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Despite intense effort by tobacco control groups during the past decade, legislation to control tobacco promotions in Canada has been limited in its effectiveness. The Tobacco Products Control Act (TPCA) was legislated in 1988 and although it banned tobacco product advertising, sponsorship remained permissible with limitations. The full name of the manufacturer was required on promotional material as opposed to a tobacco brand name. In response, all three Canadian tobacco companies hastily registered their various brands as separate corporate entities as the TPCA took effect. Imperial Tobacco Ltd, RJR-Macdonald Inc., and Rothmans, Benson & Hedges Inc. formed “shell” companies for sponsorship purposes that matched each of their various cigarette brands. For example, Imperial Tobacco Ltd formed new corporate entities such as Player’s Ltd, du Maurier Ltd, and Matinée Ltd so that it could advertise events sponsored in these brand name corporations rather than under the corporate identity of Imperial Tobacco.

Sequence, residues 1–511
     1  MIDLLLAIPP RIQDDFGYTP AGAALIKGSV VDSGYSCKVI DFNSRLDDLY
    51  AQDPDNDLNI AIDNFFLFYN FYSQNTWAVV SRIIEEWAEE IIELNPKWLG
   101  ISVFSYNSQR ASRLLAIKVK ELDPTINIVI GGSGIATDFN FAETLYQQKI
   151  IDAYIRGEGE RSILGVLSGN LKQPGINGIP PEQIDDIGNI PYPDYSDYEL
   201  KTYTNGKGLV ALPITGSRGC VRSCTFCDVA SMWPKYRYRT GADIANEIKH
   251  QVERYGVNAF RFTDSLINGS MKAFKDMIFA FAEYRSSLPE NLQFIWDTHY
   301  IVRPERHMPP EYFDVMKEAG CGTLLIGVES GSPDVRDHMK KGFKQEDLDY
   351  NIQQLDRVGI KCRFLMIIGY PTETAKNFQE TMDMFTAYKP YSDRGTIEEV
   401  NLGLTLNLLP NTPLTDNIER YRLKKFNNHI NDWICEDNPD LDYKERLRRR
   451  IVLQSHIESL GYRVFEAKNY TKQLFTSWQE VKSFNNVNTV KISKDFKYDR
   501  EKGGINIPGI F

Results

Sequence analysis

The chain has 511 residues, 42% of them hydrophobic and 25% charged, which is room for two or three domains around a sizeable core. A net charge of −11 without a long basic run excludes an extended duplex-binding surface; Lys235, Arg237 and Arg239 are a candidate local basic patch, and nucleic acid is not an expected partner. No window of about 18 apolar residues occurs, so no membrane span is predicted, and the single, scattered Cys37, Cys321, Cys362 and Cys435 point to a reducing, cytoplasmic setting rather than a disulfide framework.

Although advertisements that promoted events sponsored by tobacco companies were not permitted to display or mention cigarettes or tobacco, the graphic design, typography, logos, and colouring of such advertisements were often virtually identical to the brand name packages. Before the implementation of the TPCA, advertisements which made direct reference to tobacco products required health warnings. However, health warnings were not necessary for advertisements (point-of-sale displays, transit advertisements, billboards, magazine and newspaper advertisements, and radio and television spots) which promoted events sponsored by the tobacco “shell” companies.1 The logos of the newly formed corporate entities were also placed on non-tobacco items such as teeshirts, hats, and towels. Thus, the colours, designs, trademarks, and logos used on particular tobacco brand packages became the key mechanism of promotion under the provisions of …